Sweet Nothings Whispered for a Fee
Analysis firms are paid by companies to make predictions, who use the predictions to promote themselves, internally and externally. It is a virtuous-vicious circle: when we hear a company boasting that their business opportunity is $X billions by 2017 -- whether 3D printer sales, cloud transactions, or market share -- they paid a firm to come up with the Too-Good-To-Be-True-sounding number.
Naturally, the analysis firms have no way of knowing what iPad-like events will distort the furutre market, rendering their predictions as a fail. So, word of advice: ignore those numbers, 'cause they ain't gonna happen for any reason at all.
How bad are the predictions? Tomi Ahonen writes about mobile phones. He used to be with Nokia, but now is on his own, giving speeches and writing a blog at http://communities-dominate.blogs.com.
This week, he listed predictions made by analysis firms in 2012 about the smartphone market in 2015 (and a few other years), and then compared them with the real outcome. The predictions were made for a mere three years into the future. (Word of warning: he likes to boast about how much he boasts about how accurate his predictions are. I am guessing he picked the worst of a bad lot of predictions by competitors.) Anyhow, here is his list and I quote him:
- In 2012 iHS iSupply promised us Windows Phone would zoom up to 15% market share [by 2015] (reality? stayed at 3%. 5-fold error).
- Gartner in 2012 promised that Windows Phone would pass iOS to become second biggest smartphone OS in 2015. Apple has 15%, Microsoft has 3%, that's a 5-fold error.
- In 2011, [Pyramid] promised the world that Windows Phone would grow past Android by 2013 (which tells us a lot about who must have been paying Pyramid for this garbage)... For the record, in 2013, Android sold 767 million units of smartphones and Windows Phone managed 33 million. That error is as far as I know the biggest error in any forecast in mobile ever made, at 2,200 percent, in a very short term forecast period covering only 2 years!
- Abi forecasted in 2012 that smartphone unit sales would pass dumbphones in four years in 2016 (reality was the very next year 2013, so error was 4x).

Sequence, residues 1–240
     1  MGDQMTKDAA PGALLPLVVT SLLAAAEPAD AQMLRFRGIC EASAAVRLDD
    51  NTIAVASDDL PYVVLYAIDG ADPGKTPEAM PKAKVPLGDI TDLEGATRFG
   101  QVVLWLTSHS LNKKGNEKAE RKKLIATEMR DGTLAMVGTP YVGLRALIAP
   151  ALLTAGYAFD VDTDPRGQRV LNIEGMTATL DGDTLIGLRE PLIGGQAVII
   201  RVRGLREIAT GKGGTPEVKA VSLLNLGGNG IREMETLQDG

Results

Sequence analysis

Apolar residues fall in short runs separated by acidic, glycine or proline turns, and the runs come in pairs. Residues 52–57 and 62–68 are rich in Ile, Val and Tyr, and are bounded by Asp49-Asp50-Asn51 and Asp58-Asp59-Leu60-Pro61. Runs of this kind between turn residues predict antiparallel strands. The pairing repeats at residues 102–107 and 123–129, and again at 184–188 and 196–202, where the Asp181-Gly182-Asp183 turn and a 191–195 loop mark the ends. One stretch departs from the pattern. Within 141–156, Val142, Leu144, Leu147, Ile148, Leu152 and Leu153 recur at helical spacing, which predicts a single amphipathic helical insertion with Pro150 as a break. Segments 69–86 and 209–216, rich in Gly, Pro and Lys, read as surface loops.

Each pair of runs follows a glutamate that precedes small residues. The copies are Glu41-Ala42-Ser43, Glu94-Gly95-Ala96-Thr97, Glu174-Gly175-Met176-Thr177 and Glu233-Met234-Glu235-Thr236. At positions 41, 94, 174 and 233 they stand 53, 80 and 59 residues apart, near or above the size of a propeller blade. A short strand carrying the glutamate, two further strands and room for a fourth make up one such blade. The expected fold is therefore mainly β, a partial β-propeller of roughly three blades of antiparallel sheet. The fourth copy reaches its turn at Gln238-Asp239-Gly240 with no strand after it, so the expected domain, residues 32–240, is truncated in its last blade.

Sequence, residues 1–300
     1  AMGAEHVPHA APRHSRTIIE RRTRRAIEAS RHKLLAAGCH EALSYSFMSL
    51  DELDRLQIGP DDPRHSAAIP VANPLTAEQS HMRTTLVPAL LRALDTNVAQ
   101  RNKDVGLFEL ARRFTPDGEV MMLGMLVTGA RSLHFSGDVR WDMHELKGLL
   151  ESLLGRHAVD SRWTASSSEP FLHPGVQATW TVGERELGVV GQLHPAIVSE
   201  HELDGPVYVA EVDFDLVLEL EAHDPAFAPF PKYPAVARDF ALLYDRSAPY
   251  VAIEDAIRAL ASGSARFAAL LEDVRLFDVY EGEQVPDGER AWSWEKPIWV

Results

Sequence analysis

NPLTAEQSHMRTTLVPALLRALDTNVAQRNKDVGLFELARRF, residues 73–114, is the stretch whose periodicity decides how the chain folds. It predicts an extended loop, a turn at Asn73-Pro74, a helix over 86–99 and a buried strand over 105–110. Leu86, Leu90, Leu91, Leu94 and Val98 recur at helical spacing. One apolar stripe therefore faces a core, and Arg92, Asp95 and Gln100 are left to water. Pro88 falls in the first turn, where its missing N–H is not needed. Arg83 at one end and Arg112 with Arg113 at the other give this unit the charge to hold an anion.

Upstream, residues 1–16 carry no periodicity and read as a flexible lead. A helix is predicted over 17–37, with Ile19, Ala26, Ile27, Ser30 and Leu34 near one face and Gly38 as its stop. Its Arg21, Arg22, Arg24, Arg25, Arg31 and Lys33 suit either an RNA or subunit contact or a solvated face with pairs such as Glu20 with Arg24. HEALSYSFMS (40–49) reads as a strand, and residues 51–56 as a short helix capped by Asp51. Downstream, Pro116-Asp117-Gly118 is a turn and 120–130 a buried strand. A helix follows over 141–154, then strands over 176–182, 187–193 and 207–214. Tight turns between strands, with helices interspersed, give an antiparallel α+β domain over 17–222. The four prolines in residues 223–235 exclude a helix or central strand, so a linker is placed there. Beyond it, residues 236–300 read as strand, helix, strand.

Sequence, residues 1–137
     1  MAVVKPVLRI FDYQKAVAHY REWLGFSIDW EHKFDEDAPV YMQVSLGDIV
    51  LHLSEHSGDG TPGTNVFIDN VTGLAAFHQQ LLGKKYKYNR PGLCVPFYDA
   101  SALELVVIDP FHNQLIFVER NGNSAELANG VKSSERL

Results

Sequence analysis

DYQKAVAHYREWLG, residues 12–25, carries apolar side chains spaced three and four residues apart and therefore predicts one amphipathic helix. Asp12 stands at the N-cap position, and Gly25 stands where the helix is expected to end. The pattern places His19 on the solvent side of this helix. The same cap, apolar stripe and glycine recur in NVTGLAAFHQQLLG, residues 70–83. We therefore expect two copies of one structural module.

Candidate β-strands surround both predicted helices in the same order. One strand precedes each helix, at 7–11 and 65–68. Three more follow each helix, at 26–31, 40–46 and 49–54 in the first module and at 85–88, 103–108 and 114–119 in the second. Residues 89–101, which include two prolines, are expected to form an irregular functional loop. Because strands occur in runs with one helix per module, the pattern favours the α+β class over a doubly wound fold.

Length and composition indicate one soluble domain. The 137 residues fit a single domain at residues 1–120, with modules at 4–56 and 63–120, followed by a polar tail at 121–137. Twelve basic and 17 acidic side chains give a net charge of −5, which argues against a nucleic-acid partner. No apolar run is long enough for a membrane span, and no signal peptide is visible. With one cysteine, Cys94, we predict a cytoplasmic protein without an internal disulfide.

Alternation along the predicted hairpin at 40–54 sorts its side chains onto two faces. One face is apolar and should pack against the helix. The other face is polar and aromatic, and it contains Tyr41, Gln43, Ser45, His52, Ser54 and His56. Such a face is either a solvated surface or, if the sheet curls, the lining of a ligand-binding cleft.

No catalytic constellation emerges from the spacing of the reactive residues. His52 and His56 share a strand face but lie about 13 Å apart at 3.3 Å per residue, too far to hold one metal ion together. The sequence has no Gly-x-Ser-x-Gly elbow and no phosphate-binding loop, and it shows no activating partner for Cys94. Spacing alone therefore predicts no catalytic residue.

- In 2012 Ovum told us iPhone would grow global market share and reach 27% by 2017. Well it didn't grow; it's been falling and is now at 15%. Maybe Ovum turns out still correct, but highly unlikely. As it now stands, they are off 80%.
- Credit Suisse told us in 2012 that global smartphone sales would hit the 1B[illion] level in 2015 (reality this year will be 1.5B, so an error of 50%).
- Forrester told us in 2012 that smartphone apps would be worth 56 Billion dollars [by] this year 2015 (reality will be about half).
- Research & Markets forecasted in 2012 that the global smartphone market would be worth 218 Billion dollars this year 2015. Reality is nearly twice that at about $400B (so error of say 83%).
- In 2012 Morgan Stanley forecasted for us that Nokia would sell 80 million smartphones in 2013. They sold 30.5 million (error 162%).
- IDC in 2012 promised us that year 2016 would see Android OS pass Windows [desktop operating system] on all new digital devices sold. It actually happened the next year 2013 (so it was an error by a factor of 4).
Mr Ahonen concludes:
It's not easy being in the forecasting business, we all get it wrong from time to time, and sometimes we make big booboos.
But most of my 'peers' do not bother to come back and remind you about how their past forecasts were, nor to try to examine why that forecast went wrong.
To me, the really interesting fail regards smartphone apps. Whereas analysts underestimated the Android sales explosion, the sales of apps were greatly overestimated.
You can read the full blog posting at http://communities-dominate.blogs.com/brands/2015/04/reviewing-my-last-4-year-forecast-blog-3-years-in-from-2012.html